had drawn; and in making my subsequent report I used that expression without adding quotation marks, never thinking that anything had been said that would attract attention — as this did, very much to the annoyance, no doubt, of General Butler
and, I know, very much to my own. I found afterwards that this was mentioned in the notes of General Badeau
's book, which, when they were shown to me, I asked to have stricken out; yet it was retained there, though against my wishes.
I make this statement here because, although I have often made it before, it has never been in my power until now to place it where it will correct history; and I desire to rectify all injustice that I may have done to individuals, particularly to officers who were gallantly serving their country during the trying period of the war for the preservation of the Union
certainly gave his very earnest support to the war; and he gave his own best efforts personally to the suppression of the rebellion.
The further operations of the Army of the James can best be treated of in connection with those of the Army of the Potomac, the two being so intimately associated and connected as to be substantially one body in which the individuality of the supporting wing is merged.
Before giving the reader a summary of Sherman
's great Atlanta campaign
, which must conclude my description of the various cooperative movements preparatory to proceeding with that of the operations of the centre, I will briefly mention Sheridan
's first raid upon Lee
's communications which, though an incident of the operations on the main line and not specifically marked out in the original plan, attained in its brilliant execution and results all the proportions of an independent campaign.
By thus anticipating, in point of time, I will be able to more perfectly observe the continuity of events
occurring in my immediate front when I shall have undertaken to describe our advance from the Rapidan
On the 8th of May, just after the battle of the Wilderness
and when we were moving on Spottsylvania
I directed Sheridan
verbally to cut loose from the Army of the Potomac, pass around the left of Lee
's army and attack his cavalry: to cut the two roads-one running west through Gordonsville
, the other to Richmond
, and, when compelled to do so for want of forage and rations, to move on to the James River
and draw these from Butler
This move took him past the entire rear of Lee
These orders were also given in writing through Meade
The object of this move was three-fold.
First, if successfully executed, and it was, he would annoy the enemy by cutting his line of supplies and telegraphic communications, and destroy or get for his own use supplies in store in the rear and coming up. Second, he would draw the enemy's cavalry after him, and thus better protect our flanks, rear and trains than by remaining with the army.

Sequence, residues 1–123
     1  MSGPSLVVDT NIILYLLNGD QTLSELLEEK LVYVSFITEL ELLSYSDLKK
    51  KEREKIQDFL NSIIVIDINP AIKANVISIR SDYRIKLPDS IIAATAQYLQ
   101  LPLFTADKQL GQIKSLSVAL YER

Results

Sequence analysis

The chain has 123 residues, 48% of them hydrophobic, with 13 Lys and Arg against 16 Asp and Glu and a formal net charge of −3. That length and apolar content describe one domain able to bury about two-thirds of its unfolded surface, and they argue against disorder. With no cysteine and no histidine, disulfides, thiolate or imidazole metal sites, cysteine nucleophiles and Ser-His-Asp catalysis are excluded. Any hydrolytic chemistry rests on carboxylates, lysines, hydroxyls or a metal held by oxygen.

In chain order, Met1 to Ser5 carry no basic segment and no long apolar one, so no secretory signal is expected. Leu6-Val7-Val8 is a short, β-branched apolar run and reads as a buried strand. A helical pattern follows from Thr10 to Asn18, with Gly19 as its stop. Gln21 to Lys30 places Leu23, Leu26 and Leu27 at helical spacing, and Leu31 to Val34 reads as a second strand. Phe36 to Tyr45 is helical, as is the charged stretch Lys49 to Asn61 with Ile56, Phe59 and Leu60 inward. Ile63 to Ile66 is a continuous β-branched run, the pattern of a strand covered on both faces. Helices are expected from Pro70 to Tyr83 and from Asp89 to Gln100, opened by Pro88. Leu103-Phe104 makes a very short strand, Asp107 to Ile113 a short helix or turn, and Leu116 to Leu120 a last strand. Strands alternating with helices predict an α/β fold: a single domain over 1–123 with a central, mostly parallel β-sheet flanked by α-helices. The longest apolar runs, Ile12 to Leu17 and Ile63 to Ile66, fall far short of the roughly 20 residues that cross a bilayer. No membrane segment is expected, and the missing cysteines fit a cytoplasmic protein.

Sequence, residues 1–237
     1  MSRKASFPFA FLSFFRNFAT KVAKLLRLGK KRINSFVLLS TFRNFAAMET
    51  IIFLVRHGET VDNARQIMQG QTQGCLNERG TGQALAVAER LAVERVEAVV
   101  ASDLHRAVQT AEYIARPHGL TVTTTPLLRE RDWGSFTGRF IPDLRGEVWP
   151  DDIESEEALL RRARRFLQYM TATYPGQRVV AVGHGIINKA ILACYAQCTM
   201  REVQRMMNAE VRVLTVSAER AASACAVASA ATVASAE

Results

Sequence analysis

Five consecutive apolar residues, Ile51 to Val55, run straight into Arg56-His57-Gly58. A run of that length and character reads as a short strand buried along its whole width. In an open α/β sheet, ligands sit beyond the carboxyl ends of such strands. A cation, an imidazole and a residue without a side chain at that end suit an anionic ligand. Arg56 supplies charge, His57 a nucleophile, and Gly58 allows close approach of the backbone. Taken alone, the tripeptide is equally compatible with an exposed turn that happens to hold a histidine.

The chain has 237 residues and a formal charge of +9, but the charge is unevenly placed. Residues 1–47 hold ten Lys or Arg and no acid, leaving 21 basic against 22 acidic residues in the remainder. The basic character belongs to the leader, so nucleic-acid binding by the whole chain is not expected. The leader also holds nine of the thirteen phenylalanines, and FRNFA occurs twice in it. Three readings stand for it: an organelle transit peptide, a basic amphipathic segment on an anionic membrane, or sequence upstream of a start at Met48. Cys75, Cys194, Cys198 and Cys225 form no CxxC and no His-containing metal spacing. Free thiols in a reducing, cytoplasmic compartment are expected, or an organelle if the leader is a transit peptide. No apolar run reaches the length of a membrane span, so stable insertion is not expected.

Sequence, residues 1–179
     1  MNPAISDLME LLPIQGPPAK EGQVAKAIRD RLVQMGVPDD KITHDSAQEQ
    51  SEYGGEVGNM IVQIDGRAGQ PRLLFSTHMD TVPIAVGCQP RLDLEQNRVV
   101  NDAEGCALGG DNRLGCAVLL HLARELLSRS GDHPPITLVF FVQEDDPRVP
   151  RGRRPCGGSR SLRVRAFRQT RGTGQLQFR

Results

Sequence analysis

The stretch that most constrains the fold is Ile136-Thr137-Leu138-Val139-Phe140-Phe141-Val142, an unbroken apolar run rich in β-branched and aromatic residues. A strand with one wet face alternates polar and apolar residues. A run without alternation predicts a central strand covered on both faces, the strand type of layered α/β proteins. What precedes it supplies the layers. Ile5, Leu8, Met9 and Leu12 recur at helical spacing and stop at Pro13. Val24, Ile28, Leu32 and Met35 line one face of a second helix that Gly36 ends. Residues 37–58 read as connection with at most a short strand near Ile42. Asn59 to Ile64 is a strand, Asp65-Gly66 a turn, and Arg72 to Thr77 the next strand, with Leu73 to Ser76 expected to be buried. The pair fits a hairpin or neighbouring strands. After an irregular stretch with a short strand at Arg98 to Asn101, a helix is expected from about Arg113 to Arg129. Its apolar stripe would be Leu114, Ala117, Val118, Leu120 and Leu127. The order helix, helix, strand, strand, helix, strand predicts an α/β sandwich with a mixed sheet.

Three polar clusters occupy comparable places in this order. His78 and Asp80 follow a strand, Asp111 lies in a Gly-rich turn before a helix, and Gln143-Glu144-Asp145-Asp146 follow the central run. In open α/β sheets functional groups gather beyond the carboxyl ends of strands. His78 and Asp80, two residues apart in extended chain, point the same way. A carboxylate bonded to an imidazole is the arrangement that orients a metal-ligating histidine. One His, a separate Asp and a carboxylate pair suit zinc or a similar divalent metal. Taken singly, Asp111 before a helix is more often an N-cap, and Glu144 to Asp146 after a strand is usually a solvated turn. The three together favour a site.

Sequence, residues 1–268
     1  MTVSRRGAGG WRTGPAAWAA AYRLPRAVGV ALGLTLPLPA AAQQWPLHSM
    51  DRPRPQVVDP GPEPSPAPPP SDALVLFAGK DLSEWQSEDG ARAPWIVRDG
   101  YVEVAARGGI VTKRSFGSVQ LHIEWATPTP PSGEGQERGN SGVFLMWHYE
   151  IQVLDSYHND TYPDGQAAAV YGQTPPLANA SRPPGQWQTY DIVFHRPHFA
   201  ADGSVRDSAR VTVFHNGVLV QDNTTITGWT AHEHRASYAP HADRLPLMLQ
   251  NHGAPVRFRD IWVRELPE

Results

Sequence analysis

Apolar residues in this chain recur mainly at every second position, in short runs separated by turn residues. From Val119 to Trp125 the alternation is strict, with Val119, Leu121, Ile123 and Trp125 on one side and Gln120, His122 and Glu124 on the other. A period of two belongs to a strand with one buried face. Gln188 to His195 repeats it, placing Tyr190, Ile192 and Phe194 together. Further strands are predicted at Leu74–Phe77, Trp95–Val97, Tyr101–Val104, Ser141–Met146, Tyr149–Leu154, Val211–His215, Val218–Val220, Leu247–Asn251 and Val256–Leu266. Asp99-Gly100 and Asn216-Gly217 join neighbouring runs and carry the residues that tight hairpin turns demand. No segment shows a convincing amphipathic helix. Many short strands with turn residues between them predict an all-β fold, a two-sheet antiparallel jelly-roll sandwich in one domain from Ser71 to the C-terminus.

Third, his absence would save the trains drawing his forage and other supplies from Fredericksburg
, which had now become our base.
He started at daylight the next morning, and accomplished more than was expected.
It was sixteen days before he got back to the Army of the Potomac.
The course Sheridan
took was directly to Richmond
Before night [J. E. B. “Jeb
” ] Stuart
, commanding the Confederate cavalry, came on to the rear of his command.
But the advance kept on, crossed the North Anna
, and at Beaver Dam
, a station on the Virginia Central Railroad, recaptured four hundred Union prisoners on their way to Richmond
, destroyed the road and used and destroyed a large amount of subsistence and medical stores.
, seeing that our cavalry was pushing towards Richmond
, abandoned the pursuit on the morning of the 10th and, by a detour and an exhausting march, interposed between Sheridan
at Yellow Tavern
, only about six miles north of the city.
destroyed the railroad and more supplies at Ashland
, and on the 11th arrived in Stuart
A severe engagement ensued in which the losses were heavy on both sides, but the rebels were beaten, their leader [Stuart] mortally wounded, and some guns and many prisoners were captured.
passed through the outer defences of Richmond
, and could, no doubt, have passed through the inner ones.
But having no supports near he could not have remained.
After caring for his wounded he
struck for the James River
below the city, to communicate with Butler
and to rest his men and horses as well as to get food and forage for them.
He moved first between the Chickahominy
and the James
, but in the morning (the 12th) he was stopped by batteries at Mechanicsville
He then turned to cross to the north side of the Chickahominy
by Meadow Bridge
He found this barred, and the defeated Confederate cavalry, reorganized, occupying the opposite side.
The panic created by his first entrance within the outer works of Richmond
having subsided troops were sent out to attack his rear.
He was now in a perilous position, one from which but few generals could have extricated themselves.
The defences of Richmond
, manned, were to the right, the Chickahominy
was to the left with no bridge remaining and the opposite bank guarded, to the rear was a force from Richmond
This force was attacked and beaten by Wilson
's and Gregg
's divisions, while Sheridan
turned to the left with the remaining division and hastily built a bridge over the Chickahominy
under the fire of the enemy, forced a crossing and soon dispersed the Confederates
he found there.
The enemy was held back from the stream by the fire of the troops not engaged in bridge building.
On the 13th Sheridan
was at Bottom's Bridge, over the Chickahominy
On the 14th he crossed this stream and on that day went into camp on the James River
at Haxall's Landing.
He at once put himself into communication with General Butler
, who directed all the supplies he wanted to be furnished.
had left the Army of the Potomac at Spottsylvania
, but did not know where either this or Lee
's army now was. Great caution therefore had to be exercised in getting back.
On the 17th, after resting his command for three days, he started on his return.
He moved by the way of White House
The bridge over the Pamunkey
had been burned by the enemy, but a new one was speedily improvised and the cavalry crossed over it. On the 22d he was at Aylett
's on the Matapony
, where he learned the position of the two armies.
On the 24th he joined us on the march from North Anna
to Cold Harbor, in the vicinity of Chesterfield
in this memorable raid passed entirely around Lee
's army: encountered his cavalry in four engagements, and defeated them in all; recaptured four hundred Union prisoners and killed and captured many of the enemy; destroyed and used many supplies and munitions of war; destroyed miles of railroad and telegraph, and freed us from annoyance by the cavalry of the enemy for more than two weeks.